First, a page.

On January 5, 2024, the USCIS (US Citizenship and Immigration Services) issued a Policy Guidance regarding analysis of an employer’s ability to pay the proffered wage in certain I-140 cases involving change of employers.
US employers seeking to sponsor workers under the EB-1, EB-2 and EB-3 employment-based immigrant classifications that require a job offer are required to demonstrate their continuing ability to pay the proffered wage to the worker from the priority date of the immigrant petition until the time that the worker acquires permanent resident status. The employer/petitioner’s ability to pay the wage as stated on Form I-140 is one of the essential elements that USCIS weighs in evaluating whether the job offer is realistic.
To demonstrate ability to pay, regulations require an employer to submit annual reports, federal tax returns, or audited financial statements for each available year from the priority date. An employer can alternatively submit a financial officer’s statement attesting to the employer’s ability to pay the proffered wage if they have 100 or more workers. Additional evidence such as profit and loss statements, bank account records, or personnel records may also be submitted. Many employers satisfy the ability to pay requirement by also submitting payroll records demonstrating that, during the relevant time period, they have been paying the employee at least the proffered wage indicated on the I-140.
USCIS’ updated guidance explains that when the beneficiary of an I-140 immigrant petition moves (or “ports”) to a new employer under the American Competitiveness in the Twenty-First Century Act of 2000 (AC21) while their I-140 is in process, USCIS determines the ability to pay requirements only by reviewing the facts in existence from the priority date until the filing of the I-140.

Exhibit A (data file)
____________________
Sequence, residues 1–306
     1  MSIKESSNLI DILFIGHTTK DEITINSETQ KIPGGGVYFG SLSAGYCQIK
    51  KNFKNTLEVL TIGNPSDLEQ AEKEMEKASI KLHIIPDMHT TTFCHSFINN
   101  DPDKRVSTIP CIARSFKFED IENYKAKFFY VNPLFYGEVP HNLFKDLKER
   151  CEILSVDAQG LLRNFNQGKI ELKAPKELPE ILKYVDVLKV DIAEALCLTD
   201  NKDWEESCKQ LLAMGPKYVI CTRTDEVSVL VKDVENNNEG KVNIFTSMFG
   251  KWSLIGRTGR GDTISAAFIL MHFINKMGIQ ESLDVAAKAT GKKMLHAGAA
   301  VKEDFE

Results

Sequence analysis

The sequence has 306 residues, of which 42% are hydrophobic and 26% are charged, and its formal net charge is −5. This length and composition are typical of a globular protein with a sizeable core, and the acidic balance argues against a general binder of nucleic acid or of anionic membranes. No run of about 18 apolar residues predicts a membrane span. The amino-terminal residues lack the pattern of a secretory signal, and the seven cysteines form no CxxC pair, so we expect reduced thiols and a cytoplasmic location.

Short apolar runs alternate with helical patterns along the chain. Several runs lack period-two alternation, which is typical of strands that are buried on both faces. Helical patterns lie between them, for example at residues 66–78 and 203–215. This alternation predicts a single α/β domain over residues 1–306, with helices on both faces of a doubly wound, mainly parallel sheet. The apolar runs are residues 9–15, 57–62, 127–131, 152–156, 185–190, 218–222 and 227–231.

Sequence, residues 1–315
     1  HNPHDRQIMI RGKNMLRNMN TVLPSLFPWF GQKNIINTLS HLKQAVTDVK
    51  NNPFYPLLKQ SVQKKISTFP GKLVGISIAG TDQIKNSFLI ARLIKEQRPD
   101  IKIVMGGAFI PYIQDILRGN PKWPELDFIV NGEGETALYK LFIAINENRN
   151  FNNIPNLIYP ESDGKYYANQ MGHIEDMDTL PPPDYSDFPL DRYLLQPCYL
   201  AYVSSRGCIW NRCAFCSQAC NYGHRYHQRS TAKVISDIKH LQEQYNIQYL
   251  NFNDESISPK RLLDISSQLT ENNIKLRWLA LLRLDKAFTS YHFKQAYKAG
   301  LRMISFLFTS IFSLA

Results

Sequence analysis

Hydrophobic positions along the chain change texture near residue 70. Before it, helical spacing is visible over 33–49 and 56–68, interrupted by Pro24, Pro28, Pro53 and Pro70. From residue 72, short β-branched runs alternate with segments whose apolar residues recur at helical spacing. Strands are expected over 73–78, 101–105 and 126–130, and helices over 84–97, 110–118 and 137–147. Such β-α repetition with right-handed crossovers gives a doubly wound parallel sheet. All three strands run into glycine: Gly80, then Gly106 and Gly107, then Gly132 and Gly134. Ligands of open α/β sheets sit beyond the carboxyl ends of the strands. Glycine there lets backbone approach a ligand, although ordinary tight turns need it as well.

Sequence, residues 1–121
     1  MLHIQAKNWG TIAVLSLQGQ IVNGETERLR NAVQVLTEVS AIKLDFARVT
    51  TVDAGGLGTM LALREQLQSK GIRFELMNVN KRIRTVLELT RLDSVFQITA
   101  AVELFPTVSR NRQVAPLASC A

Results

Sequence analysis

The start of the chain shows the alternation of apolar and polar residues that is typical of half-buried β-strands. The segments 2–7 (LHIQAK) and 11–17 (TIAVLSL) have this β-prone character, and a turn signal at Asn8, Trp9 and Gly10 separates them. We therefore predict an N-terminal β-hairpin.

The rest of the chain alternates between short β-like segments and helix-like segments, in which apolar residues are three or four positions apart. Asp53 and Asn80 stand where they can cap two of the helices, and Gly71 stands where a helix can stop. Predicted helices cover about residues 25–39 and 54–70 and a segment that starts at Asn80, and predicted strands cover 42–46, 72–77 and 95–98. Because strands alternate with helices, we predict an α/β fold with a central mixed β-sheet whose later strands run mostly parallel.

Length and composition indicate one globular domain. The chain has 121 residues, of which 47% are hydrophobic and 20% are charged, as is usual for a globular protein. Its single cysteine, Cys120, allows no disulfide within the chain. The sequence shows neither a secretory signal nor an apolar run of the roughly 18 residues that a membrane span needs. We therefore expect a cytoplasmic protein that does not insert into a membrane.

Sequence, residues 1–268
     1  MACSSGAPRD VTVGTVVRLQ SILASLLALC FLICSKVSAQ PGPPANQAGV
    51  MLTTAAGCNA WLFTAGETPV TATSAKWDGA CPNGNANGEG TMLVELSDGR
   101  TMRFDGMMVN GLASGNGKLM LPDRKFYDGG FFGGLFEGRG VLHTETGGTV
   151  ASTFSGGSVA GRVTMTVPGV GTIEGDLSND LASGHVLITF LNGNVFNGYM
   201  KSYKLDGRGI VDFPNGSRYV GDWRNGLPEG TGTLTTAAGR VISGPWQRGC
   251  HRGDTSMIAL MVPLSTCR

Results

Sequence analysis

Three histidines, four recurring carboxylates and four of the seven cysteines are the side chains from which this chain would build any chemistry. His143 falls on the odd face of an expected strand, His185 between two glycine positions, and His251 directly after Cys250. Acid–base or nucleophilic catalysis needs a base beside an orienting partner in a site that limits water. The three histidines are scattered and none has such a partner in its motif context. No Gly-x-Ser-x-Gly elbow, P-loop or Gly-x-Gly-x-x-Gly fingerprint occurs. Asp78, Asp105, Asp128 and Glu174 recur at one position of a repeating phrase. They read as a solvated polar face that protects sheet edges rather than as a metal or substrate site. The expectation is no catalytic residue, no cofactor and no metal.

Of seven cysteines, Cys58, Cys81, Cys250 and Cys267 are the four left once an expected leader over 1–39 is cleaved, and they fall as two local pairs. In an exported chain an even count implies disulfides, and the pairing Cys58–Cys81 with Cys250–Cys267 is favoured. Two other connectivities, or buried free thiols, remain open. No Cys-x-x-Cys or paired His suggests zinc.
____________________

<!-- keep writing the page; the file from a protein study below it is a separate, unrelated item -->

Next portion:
The AC21 provisions allow a beneficiary of a pending I-140 to port to a new employer provided their adjustment of status application (I-485) is pending for at least 180 days and the new job offer is in the same or similar occupational classification as the earlier one. USCIS clarifies that an unadjudicated or pending petition is not valid merely because it was filed with USCIS or through the passage of 180 days, rather, the beneficiary must have been entitled to the employment-based classification at the time of such filing, and therefore must be approved prior to a favorable determination on a portability request.
The guidance, which is effective immediately, is controlling and supersedes any related prior guidance. It builds on the prior guidance from March 15, 2023, on how USCIS analyzes employers’ ability to pay the proffered wage, covered in D&A’s blog: New Policy Guidance on Employer’s Ability to Pay in I-140 Filings (usimmigrationadvisor.com)
USCIS is also making other minor technical revisions to improve clarity and streamline existing guidance.
This article has been written by Zeenat Phophalia, Esq. Of Counsel, Davies & Associates, India Office.
Zeenat Phophalia is qualified to practice law in New York, United Kingdom and India. She practices in the area of U.S. immigration law with a focus on business immigration, and has represented corporate clients including large and medium sized companies and startups across sectors such as IT, consulting, consumer goods, manufacturing and telecommunications.